Brand on Shelf

Caution: happiness inside.

Brand on Shelf are packaging designers with offices based in Cheltenham and Leeds. They work with a variety of brands like Kenwood, Westons Cider or Asda.

They pride themselves in being specialists and fanatics about packaging, handling the whole process from conception to print. They encourage their clients to think about their products in context (aka on the shelf) and are a friendly bunch to work with!

As they redesign their identity, their website needs a refresh in order to be consistant with their new branding. They want a platform on which they can display their work, convey their personality, increase conversions by providing an easy way to contact them and increase their leads.

As with most projects at fffunction, it starts with a kickoff meeting with selected members of BOS who will be in charge of the website later on. They create an affinity diagram and an empathy mapping to get a understanding of the goals and the users. Very quickly, they start interviewing users to validate or discard the assumptions they've made so far.

As a UX designer for the project, my work starts with interpreting all the information I receive by that point. I begin with Information Architecture, by making sense of the affinity map, sorting and grouping content, features and concepts.

Meanwhile, I establish user types and create scenarios for their user journeys.

Sketching is a great tool we use a lot to give us and the client a common vocabulary to discuss ideas. They are more flexible than digital wireframes, as they do not try to translate an exact visual of the deliverable. The designer still have a lot of freedom to compose the layout and tune all the elements together.

Read my article about Designing the Homepage Last.

Case studies are an important part of the website. Rich in content, imagery, videos, it needs to adapt itself to the different projects BOS worked on. We decide to use a collection of modules which can be added, removed, duplicated. Some modules are compulsory (brief, product shot, outcomes, contact us), the rest is manageable in Wordpress by the client.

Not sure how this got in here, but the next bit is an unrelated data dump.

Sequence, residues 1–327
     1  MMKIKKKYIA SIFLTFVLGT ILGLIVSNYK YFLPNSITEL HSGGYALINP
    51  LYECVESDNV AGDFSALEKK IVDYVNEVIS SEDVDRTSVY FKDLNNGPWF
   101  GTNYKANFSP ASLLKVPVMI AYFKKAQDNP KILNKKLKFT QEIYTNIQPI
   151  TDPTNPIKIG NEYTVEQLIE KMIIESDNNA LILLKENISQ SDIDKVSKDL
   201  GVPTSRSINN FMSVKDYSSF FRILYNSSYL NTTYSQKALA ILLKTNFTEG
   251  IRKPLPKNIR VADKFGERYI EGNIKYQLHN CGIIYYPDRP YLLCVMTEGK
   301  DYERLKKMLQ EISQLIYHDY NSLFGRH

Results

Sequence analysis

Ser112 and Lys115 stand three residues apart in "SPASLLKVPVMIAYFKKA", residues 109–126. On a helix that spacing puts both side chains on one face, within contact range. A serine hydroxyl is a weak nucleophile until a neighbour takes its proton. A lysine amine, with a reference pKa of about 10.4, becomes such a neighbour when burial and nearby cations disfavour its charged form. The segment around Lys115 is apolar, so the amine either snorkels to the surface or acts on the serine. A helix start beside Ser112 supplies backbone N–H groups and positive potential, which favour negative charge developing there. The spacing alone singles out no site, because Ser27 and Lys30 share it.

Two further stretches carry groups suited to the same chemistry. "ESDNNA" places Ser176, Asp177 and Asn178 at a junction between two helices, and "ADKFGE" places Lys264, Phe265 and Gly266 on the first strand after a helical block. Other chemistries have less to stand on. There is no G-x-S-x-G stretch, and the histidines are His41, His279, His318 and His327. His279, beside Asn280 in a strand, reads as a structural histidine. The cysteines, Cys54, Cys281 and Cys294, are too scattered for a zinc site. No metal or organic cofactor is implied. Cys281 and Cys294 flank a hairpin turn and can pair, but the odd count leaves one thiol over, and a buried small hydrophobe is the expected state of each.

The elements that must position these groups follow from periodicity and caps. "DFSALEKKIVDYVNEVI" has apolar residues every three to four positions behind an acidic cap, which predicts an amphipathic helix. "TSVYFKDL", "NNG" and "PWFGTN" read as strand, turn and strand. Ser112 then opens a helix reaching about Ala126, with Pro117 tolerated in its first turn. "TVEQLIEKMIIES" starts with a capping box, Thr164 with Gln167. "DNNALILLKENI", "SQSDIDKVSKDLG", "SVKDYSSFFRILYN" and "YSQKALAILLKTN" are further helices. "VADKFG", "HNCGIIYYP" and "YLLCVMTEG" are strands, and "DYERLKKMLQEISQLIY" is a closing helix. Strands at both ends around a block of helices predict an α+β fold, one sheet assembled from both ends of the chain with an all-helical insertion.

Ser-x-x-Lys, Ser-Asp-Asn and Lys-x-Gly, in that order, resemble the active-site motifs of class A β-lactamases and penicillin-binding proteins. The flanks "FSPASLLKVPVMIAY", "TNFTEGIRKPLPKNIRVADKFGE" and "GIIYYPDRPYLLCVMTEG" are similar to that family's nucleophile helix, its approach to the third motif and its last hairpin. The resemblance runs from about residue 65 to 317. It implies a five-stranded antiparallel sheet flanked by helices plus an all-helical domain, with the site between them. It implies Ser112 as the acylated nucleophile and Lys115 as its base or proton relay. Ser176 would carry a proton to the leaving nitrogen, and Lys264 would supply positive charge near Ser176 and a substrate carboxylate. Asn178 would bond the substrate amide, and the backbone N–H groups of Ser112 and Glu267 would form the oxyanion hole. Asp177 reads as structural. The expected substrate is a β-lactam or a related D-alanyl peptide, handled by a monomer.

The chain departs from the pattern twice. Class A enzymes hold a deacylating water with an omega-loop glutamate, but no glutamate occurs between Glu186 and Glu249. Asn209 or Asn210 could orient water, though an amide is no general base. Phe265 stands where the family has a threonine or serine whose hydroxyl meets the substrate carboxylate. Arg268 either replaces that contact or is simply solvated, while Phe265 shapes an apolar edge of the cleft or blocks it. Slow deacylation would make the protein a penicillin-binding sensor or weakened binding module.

One of my ideas was to implement a product visualisation as sometimes used in ecommerce websites to display varied views of a packaging.

As BOS already owns a guideline they developed, our designers interpret and implement all the modules and elements in a pattern library. Instead of spending precious time in Photoshop, they can experiment and tweak text, imagery and layout while keeping in touch with the client.

Pattern libraries have become very popular these days because they allow teams to be more efficient, flexible, produce better quality products and smooth the transition between design and development.

By constraint of time and budget, we decide can help us confirm we're going in the right direction. It's a non-expensive and fast way to confirm or discard some concerns about a specific user journey by recording as little as 5 users to perform simple exercices. It may not represent the targeted audience though. The choice of question is important: it clearly offers better results if the users are asked to perform a task, rather than ask their opinion on the design.

It was a great project to work on, as it provided us with insights coming directly from the users as much as the client. They are now plenty of functionality BOS can experiment with. It offers them a platform where they showcase but also get their personality and opinions across.

As a retrospective, I would have loved to experience this project in a more Agile way, as opposed to a clear split between front-end and back-end. However, it was an enjoyable project to work on with many possibilities for creative input.